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Is Wall Street’s Newfangled Honesty Just A Fancy Way Of Lying?

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In the last week, Citigroup, Deutsche Bank, and UBS announced that they wrote down $1.4 billion, $3.11 billion and $3.4 billion in the third quarter, respectively. In the land of reality, where sane human beings live, these numbers would be considered bad news. Rational people would perhaps take the opportunity to tell the banks, “Hey, you fucked up,” as a way of motivating them to do better. Instead, not only were the banks not given the smack in the face they so desperately need, but they were praised for being honest. “You screwed up big time, but we’re just so happy you’re telling us the truth for once!” has been the gist of it. Obviously those in charge of the truth-telling mission jumped on the back-patting bandwagon, and praised themselves, too. "It was about transparency," said DB Chief Executive Josef Ackermann. "We did it, and several others -- UBS, Citibank -- did it as well. It was important to re-establish people's trust in the products and in the markets."
The best part is that, as the conspiracy theorists at the Journal point out, this whole coming clean shtick is more or less an elaborate lie. The banks have provided “clarity,” in so far as they admitted to BILLIONS in losses, but the clarity is only packaging in which to ship a box full of lies that will later help the people who “can’t tell a lie” tell more lies. And if you think about it, that’s just good business:

"If you're a smart CEO, you're going to write off everything and then some, maybe even to below-market prices, because you're going to be hidden in the woodshed with everybody else," says Daniel Genter, chief executive and chief investment officer of RNC Genter Capital Management, a Los Angeles-based investment firm that manages about $3 billion in bonds and stocks, mostly for high-net-worth individuals. "They'll make it look a lot worse than it is, but that's the smart move, because you've got little to lose and you might get some of it back in a quarter or two."

But maybe we’re just being cynical assholes? Deutsche Bank promises that it "continues to apply accounting and valuation principles consistently with prior periods" and a UBS spokesman told the Journal that the bank’s writedowns are “appropriate and follow established accounting principles and industry standards." Citigroup has “taken impairments in the third quarter based on a rigorous process applying appropriate accounting principles." Goldman, which hasn't even written anything down but is just so bursting with honesty that it had to tell someone about it, was in “constant contact over the summer with the Securities and Exchange Commission to discuss the way it was pricing tough-to-value securities.”
All this chest-bumping for telling the truth really gets in our craw because, to be honest (heh), we could care less about these mystical abilities in the sport of candor. Great—you’ve succeeded at being honest (though not really). How about now, you sharpen your skills at not losing billions upon billions of fucking dollars, which, not sure if anyone ever made this clear, is actually your main goal. Do that and your reward will be that you can tell as many lies as you want. Like this one: “Bear Stearns Seeing the Start Of a Rebound,” Executives Say. Yeah, that felt good.
Banks' Candor Makes Street Suspicious [WSJ]


How Can Wall Street Feel Alive Again?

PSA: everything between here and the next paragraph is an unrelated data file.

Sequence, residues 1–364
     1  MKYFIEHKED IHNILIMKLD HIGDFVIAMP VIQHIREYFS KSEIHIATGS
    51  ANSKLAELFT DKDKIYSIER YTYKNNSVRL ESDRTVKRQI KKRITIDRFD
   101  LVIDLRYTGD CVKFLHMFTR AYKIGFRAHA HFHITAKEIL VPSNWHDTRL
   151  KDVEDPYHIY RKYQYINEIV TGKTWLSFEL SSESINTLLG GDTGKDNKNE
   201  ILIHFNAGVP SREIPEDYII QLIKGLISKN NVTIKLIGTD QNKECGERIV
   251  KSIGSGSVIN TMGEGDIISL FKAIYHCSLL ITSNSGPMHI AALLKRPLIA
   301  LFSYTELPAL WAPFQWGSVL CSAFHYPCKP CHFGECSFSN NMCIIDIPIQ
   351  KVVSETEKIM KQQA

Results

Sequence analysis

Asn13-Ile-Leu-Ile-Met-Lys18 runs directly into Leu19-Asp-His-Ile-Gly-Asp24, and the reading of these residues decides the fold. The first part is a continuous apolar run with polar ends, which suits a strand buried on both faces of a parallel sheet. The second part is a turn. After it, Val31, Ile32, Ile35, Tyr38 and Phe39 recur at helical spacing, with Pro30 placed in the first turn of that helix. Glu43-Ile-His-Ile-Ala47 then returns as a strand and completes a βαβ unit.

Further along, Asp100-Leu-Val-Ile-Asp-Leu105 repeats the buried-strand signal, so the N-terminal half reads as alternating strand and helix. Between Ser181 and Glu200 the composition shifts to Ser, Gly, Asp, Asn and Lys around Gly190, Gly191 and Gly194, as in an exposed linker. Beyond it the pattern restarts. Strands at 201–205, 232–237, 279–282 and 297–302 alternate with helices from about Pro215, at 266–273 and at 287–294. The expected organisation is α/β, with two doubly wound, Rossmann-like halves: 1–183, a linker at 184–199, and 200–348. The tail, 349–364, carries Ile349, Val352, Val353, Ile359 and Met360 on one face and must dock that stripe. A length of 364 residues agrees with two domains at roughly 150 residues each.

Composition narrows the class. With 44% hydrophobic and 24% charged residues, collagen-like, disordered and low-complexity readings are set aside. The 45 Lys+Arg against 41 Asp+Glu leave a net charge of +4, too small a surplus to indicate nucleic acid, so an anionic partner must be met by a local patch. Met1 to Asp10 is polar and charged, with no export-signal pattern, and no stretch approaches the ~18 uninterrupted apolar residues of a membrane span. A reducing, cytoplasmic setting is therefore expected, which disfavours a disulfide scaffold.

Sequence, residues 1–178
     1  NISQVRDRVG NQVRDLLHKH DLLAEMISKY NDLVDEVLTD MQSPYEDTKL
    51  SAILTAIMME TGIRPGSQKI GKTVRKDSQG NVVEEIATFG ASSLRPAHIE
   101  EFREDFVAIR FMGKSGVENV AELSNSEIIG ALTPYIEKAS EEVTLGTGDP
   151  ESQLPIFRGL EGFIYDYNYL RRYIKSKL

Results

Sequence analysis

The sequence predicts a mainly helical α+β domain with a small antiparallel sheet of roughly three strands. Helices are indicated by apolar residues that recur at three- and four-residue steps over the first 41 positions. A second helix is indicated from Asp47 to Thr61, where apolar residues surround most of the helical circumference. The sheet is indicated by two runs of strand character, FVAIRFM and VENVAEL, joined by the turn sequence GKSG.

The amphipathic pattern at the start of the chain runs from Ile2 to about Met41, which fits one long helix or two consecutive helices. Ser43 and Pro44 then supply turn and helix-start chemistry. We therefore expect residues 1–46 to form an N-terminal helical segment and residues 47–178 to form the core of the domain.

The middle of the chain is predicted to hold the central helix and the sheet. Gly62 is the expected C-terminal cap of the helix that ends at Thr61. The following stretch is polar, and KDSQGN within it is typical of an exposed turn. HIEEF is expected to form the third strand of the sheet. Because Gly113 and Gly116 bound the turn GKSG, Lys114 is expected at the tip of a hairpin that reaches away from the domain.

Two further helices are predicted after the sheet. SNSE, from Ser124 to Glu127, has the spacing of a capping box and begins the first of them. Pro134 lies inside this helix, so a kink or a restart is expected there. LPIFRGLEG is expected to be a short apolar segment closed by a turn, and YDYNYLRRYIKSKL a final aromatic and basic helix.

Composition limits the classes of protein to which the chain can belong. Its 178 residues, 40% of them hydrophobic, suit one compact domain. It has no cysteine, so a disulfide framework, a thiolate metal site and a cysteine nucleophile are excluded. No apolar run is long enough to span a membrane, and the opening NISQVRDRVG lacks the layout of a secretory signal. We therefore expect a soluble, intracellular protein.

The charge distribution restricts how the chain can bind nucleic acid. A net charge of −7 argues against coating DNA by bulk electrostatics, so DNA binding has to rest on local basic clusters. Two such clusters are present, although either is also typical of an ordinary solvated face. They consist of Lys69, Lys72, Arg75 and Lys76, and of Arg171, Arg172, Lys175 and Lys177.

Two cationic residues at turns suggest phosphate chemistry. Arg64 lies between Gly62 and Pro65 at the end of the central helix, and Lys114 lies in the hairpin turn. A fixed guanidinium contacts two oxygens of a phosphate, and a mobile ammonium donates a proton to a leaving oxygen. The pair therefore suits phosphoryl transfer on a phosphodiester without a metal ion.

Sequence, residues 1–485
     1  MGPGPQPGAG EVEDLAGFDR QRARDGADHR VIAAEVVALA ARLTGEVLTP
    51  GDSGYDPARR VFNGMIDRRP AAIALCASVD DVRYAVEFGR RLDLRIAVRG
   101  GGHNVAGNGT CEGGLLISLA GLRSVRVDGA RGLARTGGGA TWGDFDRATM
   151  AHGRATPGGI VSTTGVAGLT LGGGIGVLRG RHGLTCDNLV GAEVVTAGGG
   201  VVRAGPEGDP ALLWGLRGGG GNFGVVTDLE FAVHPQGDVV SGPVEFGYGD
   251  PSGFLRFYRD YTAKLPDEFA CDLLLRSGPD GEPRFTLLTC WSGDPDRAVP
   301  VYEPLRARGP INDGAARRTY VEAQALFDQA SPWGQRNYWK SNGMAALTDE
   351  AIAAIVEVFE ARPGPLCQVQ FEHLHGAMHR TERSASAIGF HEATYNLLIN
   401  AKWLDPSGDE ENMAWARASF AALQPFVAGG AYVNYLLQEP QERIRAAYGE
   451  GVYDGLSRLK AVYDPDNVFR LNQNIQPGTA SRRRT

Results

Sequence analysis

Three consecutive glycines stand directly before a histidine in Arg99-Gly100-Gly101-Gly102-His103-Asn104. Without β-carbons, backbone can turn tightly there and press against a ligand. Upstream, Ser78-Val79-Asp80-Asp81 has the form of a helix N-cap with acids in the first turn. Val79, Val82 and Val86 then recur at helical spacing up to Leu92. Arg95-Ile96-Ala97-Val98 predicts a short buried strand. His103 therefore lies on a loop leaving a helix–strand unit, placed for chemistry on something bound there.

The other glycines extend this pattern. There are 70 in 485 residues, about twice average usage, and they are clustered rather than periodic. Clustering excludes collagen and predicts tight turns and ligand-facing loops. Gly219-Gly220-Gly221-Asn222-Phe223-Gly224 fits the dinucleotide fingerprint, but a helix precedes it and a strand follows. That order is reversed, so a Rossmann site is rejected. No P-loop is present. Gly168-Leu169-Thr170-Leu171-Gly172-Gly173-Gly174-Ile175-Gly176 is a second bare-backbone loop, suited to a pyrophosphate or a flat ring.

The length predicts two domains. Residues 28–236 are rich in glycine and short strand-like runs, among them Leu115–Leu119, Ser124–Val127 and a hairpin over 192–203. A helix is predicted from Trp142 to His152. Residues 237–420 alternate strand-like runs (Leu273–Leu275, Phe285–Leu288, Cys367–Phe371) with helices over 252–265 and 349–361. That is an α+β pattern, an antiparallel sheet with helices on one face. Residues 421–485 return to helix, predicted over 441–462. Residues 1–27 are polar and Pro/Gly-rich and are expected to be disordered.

As some of you may recall, there was a time not too long ago when you could work on Wall Street and be compensated in a way that made you feel special. Appreciated. Loved. Eight, nine, ten-figures of love. Now, obviously, not so much. But that is not what's eating the industry's most fragile spirits of late. They are fine taking pay cuts. They could care less about the money. What they're not fine with is having the rush, the intensity, the adrenaline-pumping fear that comes with, say, putting on a trade in which maybe the firm will make $1 billion or maybe it'll lose $10 billion, WHO KNOWS, IT'S ALL RELATIVE, I CAN'T FEEL MY LEGS, THAT'S WHAT MAKES IT SO EXCITING taken away from them. Take Sean George. He used to spend his days destroying company property and now, thanks to financial regulation, has had to get his kicks elsewhere. Sean George kneeled in the Church of St. Paul the Apostle in Manhattan. He wasn’t praying. A gash below his right brow bled into his eye and down his nose before a knee to his groin sent him to the floor. George, 39, head of credit-derivatives trading at Jefferies, was making his Muay Thai debut at the church June 22 in a sport that allows kicking, elbowing and kneeing. His eye was swelling shut by the time he lost in a split decision. It was the happiest he’s been all year, he said. “Right now at work I’m making less risk decisions -- and I enjoy taking risks,” George, who headed investment-grade credit-default-swap trading at Deutsche Bank AG before he joined Jefferies last year, said in an interview. “If you’re in it for the game and the fight, the game’s over and the fight’s over.” Risk is what drew George and the colleagues he respects to Wall Street, he said. He could bring in millions of dollars in a single month at his peak, and trading was so intense that during one credit-default-swap deal he smashed a phone against his desk, sending part of it three rows away, “one of the records for the best break,” he said. Ethan Garber's lost that tingly feeling in his plums. “There’s no sexiness, there’s no fun, there’s no intellectual intrigue, either,” said Ethan Garber, who ran proprietary credit-arbitrage portfolios for Credit Suisse Group AG and Bear Stearns Cos. “A lot of my friends who actually lingered for the last four years are all now getting fired anyway,” said Garber, 45, currently CEO of IdleAir, a Knoxville, Tennessee-based firm that provides electricity at truck stops. “The air is taken out.” Robert McTamaney has been reduced to doing his best impression of a whiskey-swilling, cigar-chomping newspaper man from the 1940's, who we assume addressed Bloomberg's Max Abelson as "toots" here. “The socks are higher, the skirts are longer,” said McTamaney, who helped run Goldman Sachs’s equities- trading business in Asia. “It’s like styles: They change, and you’ve got to change with it or be left behind.” Former King Street Capital and Bank of America trader Sam Polk isn't gonna lie, the worst part of Wall Street 2.0 is not being able to feel like a god by dropping $10,000 for bottle service on Wednesday nights, and sometimes even Thursdays. “You could be a 20-something trader three years out of school, able to go to any restaurant or club or ballgame on any night that you wanted, and it was totally paid for,” he said. “It was a tremendous feeling of power.” Michael Meyer is dying a slow, painful death. “The light at the end of the tunnel is dim,” said Meyer, now co-head of sales and trading at New York investment bank Seaport Group. Clearly, it's not pretty. But here at Dealbreaker we're about offering solutions, not whining about problems. How can these guys and girls replicate the feelings they once got by taking on risk on the job, if, unlike Sean George, getting kicked in the balls is not their thing? Drinking the carton of milk in the break room that's been sitting out for two days, telling the boss's wife it looks like she's gained a couple pounds, having unprotected sex with a junkie, shouting "You go girl!" at yourself in spin class after being kindly told to "Shut the fuck up" or else, and leaving dirty dishes in the sink all seem like good jumping off points but we can do better. These people need our help. Bloodied Trader Pines For Risk As Wall Street Retreats [Bloomberg]